There’s currently 3-4 major record labels in the music industry, and they account for about 75% of music sales. These labels are Sony BMG Music Entertainment, Universal Music Group, EMI, and Warner Music Group. So, if you’re boycotting Sony Music Entertainment because of #FreeKesha, know that you’ll have limited music choices, but here’s some minor labels with great artists you can listen to. (throughout doing my research, I was actually surprised how many minor record labels had famous musicians. But please note, some of the very famous musicians on this list no longer work with minor record labels & moved to bigger companies/retired/are dead/whatever).

Atlantic Records
•Melanie Martinez, Bruno Mars, Led Zeppelin, Ed Sheeran, Coldplay, AC/DC, Skrillex, Rolling Stones, Paramore (?), & many more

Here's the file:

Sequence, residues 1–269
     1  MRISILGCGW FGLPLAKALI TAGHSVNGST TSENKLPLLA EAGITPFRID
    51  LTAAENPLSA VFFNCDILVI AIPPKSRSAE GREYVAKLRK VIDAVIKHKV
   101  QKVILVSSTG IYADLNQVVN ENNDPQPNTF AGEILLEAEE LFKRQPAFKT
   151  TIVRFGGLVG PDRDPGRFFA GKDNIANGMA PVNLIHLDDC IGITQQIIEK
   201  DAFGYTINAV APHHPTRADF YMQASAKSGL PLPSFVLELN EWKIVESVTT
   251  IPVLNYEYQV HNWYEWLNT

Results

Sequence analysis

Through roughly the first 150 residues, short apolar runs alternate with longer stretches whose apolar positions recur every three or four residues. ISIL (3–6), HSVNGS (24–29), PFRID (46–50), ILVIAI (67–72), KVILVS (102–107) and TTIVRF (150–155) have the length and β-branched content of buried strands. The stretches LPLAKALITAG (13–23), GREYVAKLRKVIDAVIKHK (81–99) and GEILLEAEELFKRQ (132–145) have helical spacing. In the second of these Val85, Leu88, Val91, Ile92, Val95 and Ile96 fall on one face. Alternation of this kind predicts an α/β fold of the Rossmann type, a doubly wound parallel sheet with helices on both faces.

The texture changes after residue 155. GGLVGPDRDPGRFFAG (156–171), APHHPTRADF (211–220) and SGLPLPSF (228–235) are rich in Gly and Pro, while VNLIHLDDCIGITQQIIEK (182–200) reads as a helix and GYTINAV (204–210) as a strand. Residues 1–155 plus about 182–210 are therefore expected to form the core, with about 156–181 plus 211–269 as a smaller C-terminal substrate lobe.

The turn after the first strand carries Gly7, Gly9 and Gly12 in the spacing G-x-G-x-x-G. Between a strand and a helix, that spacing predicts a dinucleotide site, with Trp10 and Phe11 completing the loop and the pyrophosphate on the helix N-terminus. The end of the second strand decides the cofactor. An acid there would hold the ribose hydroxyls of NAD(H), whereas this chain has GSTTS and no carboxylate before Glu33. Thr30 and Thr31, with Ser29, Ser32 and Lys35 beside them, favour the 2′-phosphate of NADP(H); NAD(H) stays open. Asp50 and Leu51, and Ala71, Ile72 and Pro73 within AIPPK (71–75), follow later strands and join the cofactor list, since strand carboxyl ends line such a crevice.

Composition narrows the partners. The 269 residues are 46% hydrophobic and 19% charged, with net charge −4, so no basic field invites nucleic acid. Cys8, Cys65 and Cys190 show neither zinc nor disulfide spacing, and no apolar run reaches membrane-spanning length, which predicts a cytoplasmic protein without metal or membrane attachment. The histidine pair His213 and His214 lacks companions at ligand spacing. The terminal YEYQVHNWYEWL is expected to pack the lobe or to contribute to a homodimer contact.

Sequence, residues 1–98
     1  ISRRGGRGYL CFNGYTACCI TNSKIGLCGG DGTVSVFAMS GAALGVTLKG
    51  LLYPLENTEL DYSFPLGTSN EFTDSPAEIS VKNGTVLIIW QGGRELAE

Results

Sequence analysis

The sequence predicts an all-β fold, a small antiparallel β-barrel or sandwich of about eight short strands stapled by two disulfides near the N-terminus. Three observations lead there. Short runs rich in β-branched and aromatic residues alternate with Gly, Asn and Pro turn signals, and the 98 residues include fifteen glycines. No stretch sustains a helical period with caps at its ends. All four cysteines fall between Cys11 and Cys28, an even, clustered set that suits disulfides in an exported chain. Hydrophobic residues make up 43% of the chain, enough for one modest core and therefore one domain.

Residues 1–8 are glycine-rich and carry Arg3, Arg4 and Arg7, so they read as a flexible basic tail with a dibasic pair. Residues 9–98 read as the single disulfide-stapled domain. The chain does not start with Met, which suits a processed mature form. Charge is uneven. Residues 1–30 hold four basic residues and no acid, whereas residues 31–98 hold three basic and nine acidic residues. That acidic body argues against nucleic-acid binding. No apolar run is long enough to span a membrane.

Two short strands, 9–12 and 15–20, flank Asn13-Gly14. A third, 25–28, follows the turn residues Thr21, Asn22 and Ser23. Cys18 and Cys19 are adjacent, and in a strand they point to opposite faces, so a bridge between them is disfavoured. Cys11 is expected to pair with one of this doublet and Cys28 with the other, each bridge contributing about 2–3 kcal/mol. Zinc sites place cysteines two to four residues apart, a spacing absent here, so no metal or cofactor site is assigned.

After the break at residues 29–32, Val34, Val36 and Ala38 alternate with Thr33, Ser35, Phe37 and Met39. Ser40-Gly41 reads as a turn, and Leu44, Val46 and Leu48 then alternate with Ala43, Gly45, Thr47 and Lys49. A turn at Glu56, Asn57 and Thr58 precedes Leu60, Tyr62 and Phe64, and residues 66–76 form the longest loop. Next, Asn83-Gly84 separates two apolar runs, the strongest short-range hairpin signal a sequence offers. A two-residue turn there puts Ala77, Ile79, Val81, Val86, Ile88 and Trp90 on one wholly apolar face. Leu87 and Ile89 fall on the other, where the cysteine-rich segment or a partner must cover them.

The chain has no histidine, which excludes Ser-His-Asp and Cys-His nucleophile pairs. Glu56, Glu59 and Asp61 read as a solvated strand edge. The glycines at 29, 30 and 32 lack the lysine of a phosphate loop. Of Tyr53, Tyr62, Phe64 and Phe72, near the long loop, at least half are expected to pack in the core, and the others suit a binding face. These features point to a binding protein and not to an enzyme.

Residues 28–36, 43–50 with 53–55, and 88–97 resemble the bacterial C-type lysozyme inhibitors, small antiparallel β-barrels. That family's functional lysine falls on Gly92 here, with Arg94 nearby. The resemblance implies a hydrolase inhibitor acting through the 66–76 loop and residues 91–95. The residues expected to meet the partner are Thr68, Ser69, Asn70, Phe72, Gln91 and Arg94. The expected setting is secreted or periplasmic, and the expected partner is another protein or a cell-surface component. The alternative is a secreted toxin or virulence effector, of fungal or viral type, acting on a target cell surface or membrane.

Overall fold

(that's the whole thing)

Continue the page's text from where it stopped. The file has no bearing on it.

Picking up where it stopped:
Fueled By Ramen
•twenty one pilots, Panic! at the Disco, Fall Out Boy, Maroon 5, & more

Glassnote Records
•Chvrches, Mumford & Sons, Two Door Cinema Club, & much more

Equal Vision Records
•Pierce the Veil, We Came as Romans, I the Mighty, the Dear Hunter, & more

Dim Mak Records
•The Chainsmokers, Zedd, Steve Aoki, Borgore, & a ton of other EDM artists

Neon Gold Records
•Mariana and the Diamonds, Elie Goulding, Foxes, the Sound of Arrows, and a few more

Cherrytree Records
•Lady Gaga, Far East Movement, LMFAO, Natalia Kills, & more

Interscope Records
•Selena Gomez, Eminem, Madonna, Katy Perry, & more

Hollywood Records (Disney)